Paris wants to settle tax conflict with Google

France's Finance Minister Gérald Darmanin has announced that he is ready to reach a compromise with Google after a year-long tax dispute rather than appeal the decision of a Paris court. About a fortnight ago the court ruled that Google did not have to pay back taxes amounting to 1.1 billion euros. Did France's new government have no other option?

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Alternatives économiques (FR) /

France must look out for number one

Paris might be acting contrary to the plans of the G20 against tax avoidance by multinationals but Alternatives Economiques favours the move:

“France is reinforcing the trend towards bilateral agreements. ... Just as the British have done, and the Italians too. The most important thing, however, is that Trump essentially wants to offer tax amnesty to the top US corporations, giving them an opportunity to bring their profits stored in offshore tax havens back home at lower rates of taxation. Once the money is back in the United States, it means that less is available for other countries to demand in taxes. Seen this way France is right not to hesitate too long, even if it is regrettable that the bilateral battles will weaken international efforts as a result.”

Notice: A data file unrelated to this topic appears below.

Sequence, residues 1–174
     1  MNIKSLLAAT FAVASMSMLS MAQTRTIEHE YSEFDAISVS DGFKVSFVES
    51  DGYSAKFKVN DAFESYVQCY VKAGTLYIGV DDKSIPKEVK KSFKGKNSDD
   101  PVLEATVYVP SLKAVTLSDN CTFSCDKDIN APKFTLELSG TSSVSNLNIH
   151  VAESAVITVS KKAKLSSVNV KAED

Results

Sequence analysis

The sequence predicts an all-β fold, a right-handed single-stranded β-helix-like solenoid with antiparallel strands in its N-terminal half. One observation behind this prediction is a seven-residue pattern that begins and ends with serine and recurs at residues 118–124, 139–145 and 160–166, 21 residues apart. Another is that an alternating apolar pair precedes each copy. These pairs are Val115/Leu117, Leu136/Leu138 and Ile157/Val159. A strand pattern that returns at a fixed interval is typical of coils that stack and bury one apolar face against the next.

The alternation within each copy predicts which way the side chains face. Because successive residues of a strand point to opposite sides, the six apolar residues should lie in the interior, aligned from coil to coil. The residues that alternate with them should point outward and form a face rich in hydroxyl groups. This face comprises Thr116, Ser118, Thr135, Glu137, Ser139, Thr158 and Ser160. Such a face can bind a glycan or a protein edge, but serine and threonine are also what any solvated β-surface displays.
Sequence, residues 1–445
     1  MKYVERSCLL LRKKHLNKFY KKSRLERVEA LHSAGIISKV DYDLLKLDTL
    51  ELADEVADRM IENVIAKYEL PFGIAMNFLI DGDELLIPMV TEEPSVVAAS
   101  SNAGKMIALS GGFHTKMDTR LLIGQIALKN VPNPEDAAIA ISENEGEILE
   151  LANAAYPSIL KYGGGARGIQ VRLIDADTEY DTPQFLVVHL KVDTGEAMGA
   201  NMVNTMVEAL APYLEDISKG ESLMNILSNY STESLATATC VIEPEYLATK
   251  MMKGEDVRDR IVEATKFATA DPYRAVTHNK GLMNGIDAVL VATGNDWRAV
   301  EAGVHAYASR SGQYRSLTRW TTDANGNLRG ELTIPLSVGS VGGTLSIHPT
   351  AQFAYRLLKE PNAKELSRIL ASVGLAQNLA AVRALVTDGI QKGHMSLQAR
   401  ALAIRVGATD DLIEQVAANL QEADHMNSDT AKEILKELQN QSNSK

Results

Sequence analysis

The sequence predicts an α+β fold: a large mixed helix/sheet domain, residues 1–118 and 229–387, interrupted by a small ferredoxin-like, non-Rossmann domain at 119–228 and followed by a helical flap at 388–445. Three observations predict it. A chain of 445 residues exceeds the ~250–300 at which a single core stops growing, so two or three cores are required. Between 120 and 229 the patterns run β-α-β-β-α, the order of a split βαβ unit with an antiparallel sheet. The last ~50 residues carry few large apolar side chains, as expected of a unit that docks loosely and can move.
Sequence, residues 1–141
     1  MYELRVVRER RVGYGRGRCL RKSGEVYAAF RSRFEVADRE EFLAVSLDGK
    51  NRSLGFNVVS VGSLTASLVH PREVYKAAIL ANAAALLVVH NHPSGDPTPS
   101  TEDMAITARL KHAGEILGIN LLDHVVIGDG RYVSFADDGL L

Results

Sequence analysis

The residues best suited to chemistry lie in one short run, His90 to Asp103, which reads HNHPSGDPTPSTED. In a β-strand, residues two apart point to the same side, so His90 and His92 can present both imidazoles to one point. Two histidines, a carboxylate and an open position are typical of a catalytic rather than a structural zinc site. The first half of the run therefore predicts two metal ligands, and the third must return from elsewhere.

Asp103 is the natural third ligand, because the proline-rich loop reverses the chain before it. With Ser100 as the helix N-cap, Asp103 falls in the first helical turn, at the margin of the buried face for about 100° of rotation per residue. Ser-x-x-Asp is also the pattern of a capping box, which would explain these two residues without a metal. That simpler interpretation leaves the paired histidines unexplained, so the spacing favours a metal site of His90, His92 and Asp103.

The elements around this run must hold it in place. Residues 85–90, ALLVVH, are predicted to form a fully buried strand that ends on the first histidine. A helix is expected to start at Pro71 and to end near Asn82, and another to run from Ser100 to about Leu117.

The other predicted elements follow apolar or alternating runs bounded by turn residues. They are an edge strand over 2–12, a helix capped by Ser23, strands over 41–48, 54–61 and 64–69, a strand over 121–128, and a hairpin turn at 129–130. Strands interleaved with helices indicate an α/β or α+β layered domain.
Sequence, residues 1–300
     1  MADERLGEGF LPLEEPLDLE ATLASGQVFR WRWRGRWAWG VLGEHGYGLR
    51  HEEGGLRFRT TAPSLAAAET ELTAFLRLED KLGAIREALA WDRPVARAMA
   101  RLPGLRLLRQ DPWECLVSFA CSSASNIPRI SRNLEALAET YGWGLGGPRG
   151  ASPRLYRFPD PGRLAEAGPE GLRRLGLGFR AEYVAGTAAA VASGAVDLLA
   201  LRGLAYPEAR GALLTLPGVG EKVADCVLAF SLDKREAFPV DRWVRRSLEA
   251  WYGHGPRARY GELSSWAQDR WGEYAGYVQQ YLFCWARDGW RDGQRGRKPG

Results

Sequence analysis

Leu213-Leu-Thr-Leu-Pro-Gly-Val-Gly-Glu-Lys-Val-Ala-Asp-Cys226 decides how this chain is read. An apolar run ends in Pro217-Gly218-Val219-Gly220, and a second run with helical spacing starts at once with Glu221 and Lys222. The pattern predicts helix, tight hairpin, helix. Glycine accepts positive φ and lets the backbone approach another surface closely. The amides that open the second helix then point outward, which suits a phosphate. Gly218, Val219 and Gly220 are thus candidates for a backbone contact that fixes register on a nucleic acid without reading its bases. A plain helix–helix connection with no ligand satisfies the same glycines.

Libération (FR) /

A European problem needs a European solution

The EU must at long last introduce a system of standardised taxation for the digital giants from the US, Libération demands:

“These companies must help to finance the infrastructure they use, the high education standards they benefit from, etc. Moreover they must be taxed like European companies. Otherwise 'free and unhindered competition' - the mantra of the EU - will be restricted, which could impede the rise of European companies. The problem extends beyond our national borders: without a unified European approach, nothing will work. … Taxing Google could be the start of a solution. But to describe taxing Gafa [Google, Apple, Facebook, Amazon] alone as a digital strategy would be tantamount to the terrible admission that Europe has failed and is now part of the US's sovereign digital territory.”